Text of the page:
"Any time you go through a forced termination, you are under a cloud of suspicion," said Charles Chandler, executive director of Ministering to Ministers, a Richmond, Va.-based advocacy group. "And when those who engineered the termination withhold specific reasons from the rest of the congregation, it fuels the suspicion that some moral or ethical transgression was involved.
"This may not have been the case at all, but when people are told, 'If you just knew what we know, you would feel the same way we do,' church members think, 'It must have been something big.'"
According to statistics compiled by LifeWay Christian Resources, 609 clergy in Southern Baptist churches were terminated in 2010. Chandler is quick to point out, however, what LifeWay freely admits—that figure is only an approximation.
Each year, LifeWay asks associational directors of missions to report to Baptist state conventions the number of forced terminations in their associations. Since directors of missions cannot include firings they do not know about, not all the directors of missions report, and not all state conventions forward the results, the total number of dismissals is assumed to be higher—perhaps substantially so. Also, the figure does not include those who were forced out by threat or by conditions that make it too unbearable to stay.
Chandler maintains if a pastor search committee likes everything else about a candidate, a forced termination should not automatically disqualify the person. He also recommends, however, that all serious candidates be carefully vetted. Candidates' references should be called, and they should be asked for names of other people who know the candidate. Likewise, these should be called and asked for other names.
Chandler calls this "going three deep." The committee will get beyond references selected by the candidate who almost are certain to say positive things.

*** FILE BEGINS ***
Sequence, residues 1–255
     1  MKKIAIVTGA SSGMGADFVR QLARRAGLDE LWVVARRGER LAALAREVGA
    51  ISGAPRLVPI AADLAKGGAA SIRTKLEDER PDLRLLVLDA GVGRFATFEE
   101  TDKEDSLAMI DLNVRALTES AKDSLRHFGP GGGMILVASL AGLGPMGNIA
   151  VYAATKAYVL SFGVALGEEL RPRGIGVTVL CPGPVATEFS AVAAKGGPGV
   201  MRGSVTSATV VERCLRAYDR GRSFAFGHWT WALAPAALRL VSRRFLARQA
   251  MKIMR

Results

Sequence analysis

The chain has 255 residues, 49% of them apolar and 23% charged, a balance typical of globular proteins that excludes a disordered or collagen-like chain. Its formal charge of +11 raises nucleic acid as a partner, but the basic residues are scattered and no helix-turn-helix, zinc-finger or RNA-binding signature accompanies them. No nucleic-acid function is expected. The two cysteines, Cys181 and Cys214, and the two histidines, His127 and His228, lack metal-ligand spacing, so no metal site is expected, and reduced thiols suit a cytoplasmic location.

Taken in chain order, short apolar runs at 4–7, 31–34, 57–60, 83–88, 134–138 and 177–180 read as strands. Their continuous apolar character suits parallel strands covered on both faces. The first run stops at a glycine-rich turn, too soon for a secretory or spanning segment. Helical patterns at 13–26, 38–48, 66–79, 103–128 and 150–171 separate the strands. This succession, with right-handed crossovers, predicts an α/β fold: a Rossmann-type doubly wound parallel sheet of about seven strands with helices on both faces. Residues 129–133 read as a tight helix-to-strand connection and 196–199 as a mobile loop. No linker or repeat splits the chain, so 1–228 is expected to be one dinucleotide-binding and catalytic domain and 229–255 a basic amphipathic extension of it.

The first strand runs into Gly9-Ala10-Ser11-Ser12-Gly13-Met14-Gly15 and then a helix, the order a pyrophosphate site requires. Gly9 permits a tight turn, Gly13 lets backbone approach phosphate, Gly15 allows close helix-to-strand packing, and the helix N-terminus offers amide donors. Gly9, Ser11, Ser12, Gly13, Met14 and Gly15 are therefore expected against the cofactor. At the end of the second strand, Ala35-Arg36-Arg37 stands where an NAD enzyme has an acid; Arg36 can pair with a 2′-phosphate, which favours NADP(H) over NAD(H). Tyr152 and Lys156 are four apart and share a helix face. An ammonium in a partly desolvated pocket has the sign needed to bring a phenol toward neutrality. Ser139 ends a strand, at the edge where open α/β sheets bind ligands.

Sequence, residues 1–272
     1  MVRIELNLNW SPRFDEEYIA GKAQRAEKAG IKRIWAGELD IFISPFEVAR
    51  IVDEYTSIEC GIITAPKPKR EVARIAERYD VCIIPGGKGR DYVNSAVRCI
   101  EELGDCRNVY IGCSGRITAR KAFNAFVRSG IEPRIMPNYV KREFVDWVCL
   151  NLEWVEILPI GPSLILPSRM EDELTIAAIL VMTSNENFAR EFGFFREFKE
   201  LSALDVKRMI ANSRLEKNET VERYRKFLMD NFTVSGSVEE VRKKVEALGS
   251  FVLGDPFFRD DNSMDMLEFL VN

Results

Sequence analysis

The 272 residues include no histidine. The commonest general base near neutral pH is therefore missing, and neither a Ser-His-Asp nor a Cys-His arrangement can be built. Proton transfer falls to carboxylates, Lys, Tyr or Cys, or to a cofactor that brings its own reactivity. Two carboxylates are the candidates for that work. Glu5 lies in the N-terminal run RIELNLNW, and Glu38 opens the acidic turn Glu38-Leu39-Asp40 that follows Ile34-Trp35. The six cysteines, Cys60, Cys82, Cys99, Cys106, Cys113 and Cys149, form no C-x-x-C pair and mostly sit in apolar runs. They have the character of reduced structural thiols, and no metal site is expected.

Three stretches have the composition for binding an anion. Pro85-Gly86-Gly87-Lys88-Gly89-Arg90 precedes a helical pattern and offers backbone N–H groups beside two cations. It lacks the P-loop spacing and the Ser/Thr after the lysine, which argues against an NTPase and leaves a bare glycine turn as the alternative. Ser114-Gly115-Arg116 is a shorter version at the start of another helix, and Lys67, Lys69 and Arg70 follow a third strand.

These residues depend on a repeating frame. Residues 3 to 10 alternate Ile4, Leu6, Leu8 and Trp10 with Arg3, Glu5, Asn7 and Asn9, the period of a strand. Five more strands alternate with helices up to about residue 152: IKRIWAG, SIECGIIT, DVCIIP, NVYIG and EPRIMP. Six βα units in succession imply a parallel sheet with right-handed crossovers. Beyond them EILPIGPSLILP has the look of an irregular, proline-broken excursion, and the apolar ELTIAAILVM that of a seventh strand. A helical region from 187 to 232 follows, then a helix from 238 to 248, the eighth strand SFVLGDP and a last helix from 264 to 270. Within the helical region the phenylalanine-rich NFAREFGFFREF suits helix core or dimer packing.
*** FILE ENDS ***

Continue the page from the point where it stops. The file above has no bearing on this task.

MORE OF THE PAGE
According to LifeWay research, the top 10 reasons pastors are dismissed are:
• Control issues: Who is going to run the church?
• Poor people skills on the part of the pastor.
• The pastor's leadership style is too strong.
• The pastor's leadership style is too weak.
• The church already was in conflict when the pastor arrived.
• The church is resistant to change.
• Conflict with other staff.
• Unethical conduct, such as mismanaged money or dishonesty.
• Administrative incompetence on the part of the pastor.
• Decline in attendance.
It is one thing for a pastor to be fired over leadership issues and another when ethical or moral transgressions have occurred. What happens when a pastor experiences moral failure?
Denominations respond in various ways to these circumstances. Highly structured denominations usually outline a process by which fallen ministers may be restored to positions of service. An article in the Assemblies of God bylaws is devoted to discipline, which, in the cases of moral failure, calls for the pastor's credentials to be suspended one or two years. During this period, the minister follows a process outlined by local denominational representatives. Credentials are not automatically restored; it depends on the recommendation of those supervising the process.
Baptists' congregational governance often isolates churches experiencing this kind of trauma and prevents them from getting the help they need, said the Virginia Baptist Mission Board's Ken Kessler.
"Because our polity makes it difficult to impose a specific restoration process, we deal with issues on a case-by-case basis," said Kessler, who helps match ministers and congregations. "We encourage churches to contact us if a pastor or staff member experiences a moral or ethical failure of some kind. But in truth, when such cases occur, we often don't even hear of them, because they are handled internally by the church leadership."
Cecil Deadman of the Baptist General Convention of Texas, agrees, but said: "What we would try to do is get (those ministers) into counseling. I try to get them to someone in leadership who knows them so they can work with them."
Kessler emphasizes a coaching approach, such as one provided for both the fallen minister and the grieving congregation through Virginia Baptists.
Baptist congregational polity restricts state or national organizations from suspending the rights or credentials of a minister. Texas Baptists, however, have found a way to protect churches from calling a minister with a moral problem. The Baptist Building maintains a file containing the names of ministers who have confessed to inappropriate sexual behavior, have been disciplined or fired by action of the church, or have been convicted of wrongdoing.
By submitting the names of individuals a search committee is considering, the committee can learn if potential candidates are in the file.